As was found by the ALJ, one must also factor in reasonable operating expenses, the value of fringe benefits and retirements plans and the change in gross income derived from the activities at the port over the reasonable future in order to derive the average net income of pilots. The Board has prepared a chart, attached hereto as Exhibit 1, which sets out projections of average pilot net income (1) presuming various rate levels, (2) factors in a projected percentage increase in port income (+6% per year) which is within the range set forth in FOF 23-26 and 49-52, (3) includes the present and actual value of all funded and unfunded retirement plans (FOF 14-19) and other fringe benefits (FOF 55), and (4) includes as net income those discretionary expenses which should not be considered as operating expenses for rate purposes (FOF 9-12). The remainder of the claimed operating expenses, which were undisputedly reasonable, (FOF 27) were removed before determining average net pilot income.
3. Reasonable operating expenses of pilots.
As was discussed above, PEPA's operating expenses (when properly limited) are, according to all parties, reasonable. The Board does note, as was found by the ALJ (FOF 30), that PEPA members spend considerable (though unquantified) time performing administrative and clerical services related to pilotage. While the Board can assign no specific dollar value to the unpaid services, it does consider the fact that paying non-pilot employees to perform the same tasks would, if reasonable, be a legitimate operating expense.
4. Pilotage rates in other ports.
As was found by the ALJ (FOF 28-29), Port Everglades pilotage rates are low, in absolute terms, among Florida and regional ports. As the ALJ noted, and as had earlier been found by the Board in its Initial Order, however, rates do not exist in a vacuum. Low rates are indicators that a rate increase may be appropriate, but only when measured against the net income derived from the rates.
Similarly, relatively high rates do not automatically justify a rate decrease. The time spent in actual piloting per vessel, the size of the vessels, the number of handles which a pilot can perform in a work shift, as well as the amount of reasonable operating expenses all bear upon the validity of comparisons of rates in one port to those of another.
In the instant case the most that can be said is that the present rates in Port Everglades, even with a modest rate increase, would not, on their face, be out of line with other ports.
5. The amount of time each pilot spends on a actual piloting duty and the amount of time spent on other essential support services.
As was found by the ALJ (FOF 30) pilots spend four weeks on/four weeks off in direct piloting and support services. This is not unreasonable given the hours upon which a pilot may be on-call as well as on-station during the pilot rotation.
The Board considers this factor as useful because it allows the Board to quantify the number of professional workdays for pilots at a port. In the instant case, as per the ALJ's findings, PEPA pilots work approximately 182 days per year in activities covered by this factor.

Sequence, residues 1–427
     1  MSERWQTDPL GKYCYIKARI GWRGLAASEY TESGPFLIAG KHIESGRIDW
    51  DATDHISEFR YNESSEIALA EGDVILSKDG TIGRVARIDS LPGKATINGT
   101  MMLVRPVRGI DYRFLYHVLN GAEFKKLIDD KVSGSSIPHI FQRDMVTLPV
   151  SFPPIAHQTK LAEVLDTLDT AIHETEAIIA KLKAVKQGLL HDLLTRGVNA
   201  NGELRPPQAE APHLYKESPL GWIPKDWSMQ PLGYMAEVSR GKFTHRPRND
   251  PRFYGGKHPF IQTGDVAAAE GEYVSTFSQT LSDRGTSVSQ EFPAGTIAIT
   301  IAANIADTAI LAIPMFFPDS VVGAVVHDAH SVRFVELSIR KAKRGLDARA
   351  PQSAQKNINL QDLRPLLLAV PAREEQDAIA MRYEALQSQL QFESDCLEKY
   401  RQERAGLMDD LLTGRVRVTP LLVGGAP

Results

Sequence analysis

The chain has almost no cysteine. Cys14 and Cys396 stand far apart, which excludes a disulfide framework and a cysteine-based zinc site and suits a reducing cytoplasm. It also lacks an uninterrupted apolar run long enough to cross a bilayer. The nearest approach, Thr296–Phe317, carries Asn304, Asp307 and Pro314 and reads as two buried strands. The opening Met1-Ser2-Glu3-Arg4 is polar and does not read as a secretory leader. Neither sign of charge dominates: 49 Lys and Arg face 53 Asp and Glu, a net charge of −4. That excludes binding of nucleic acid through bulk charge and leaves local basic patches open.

6. The prevailing compensation available to individuals in other maritime services of comparable professional skill and standing as that sought in pilots, it being recognized that in order to attract to the profession of piloting, and to hold the best and most qualified individuals as pilots, the overall compensation accorded pilots should be equal to or greater than the available to such individuals in comparable maritime employment [sic]
This factor has been a hotly contested issue in every rate proceeding in which the Board has participated. The Board reads this factor to initially require a determination as to whether there are comparable maritime professions to that of harbor pilot. If there are, then “the overall compensation” to pilots (the Board reads this term as equivalent to “average net income”) can be no less but may be greater than that received by those engaged in such “comparable” professions.
As was found by the ALJ (FOF 32-40) there is considerable evidence that pilots are “comparable” to certain senior deep-sea bridge officers.20 The Board has accepted the ALJ's findings (COL 84) and construes the term “comparable” in the statute to mean “similar” as opposed to “equivalent.” Moorehead v. Department of Professional Regulation, Board of Psychological Examiners, 550 So.2d 521, 522 (Fla. 1 st DCA 1989).21
Given this fact, the Board accepts the ALJ's findings (FOF 41) that the top actually earned wage of a master of a U.S. flagged vessel would be approximately $140,000 for approximately 125 workdays.22 For pilots, who work 182 days per year at piloting, the wage would be correspondingly greater.23 Thus the ALJ's conclusion (COL 91) that the rates, if decreased as she recommended, would yield a compensation package “more than double that of comparable professionals” is incorrect unless she was using as her base mark for master/pilot comparison something different than the comparison with the highest paid masters discussed at FOF 41-42.24
The Board also recognizes, as did the ALJ (COL 89 recast as a FOF), that pilots, as independent businesspeople, are different from deep-sea deck officers in that pilots are not employees. While the financial risks as small businesspeople which pilots may run are no greater or lesser that [sic] others engaged in small businesses, they do involve a capital risk that employees are not subject to.
It is for this reason that the Board reads this factor as setting only a floor for pilot compensation. As the statute states: “the overall compensation accorded pilots should be equal to or greater than the available to such individuals in comparable maritime employment.” Given this analysis the Board finds that the “floor” is, as was indicated by the ALJ, the wage rate paid to the highest paid U.S. masters (approximately $203,000 ($140,000/125 days times 182 days)).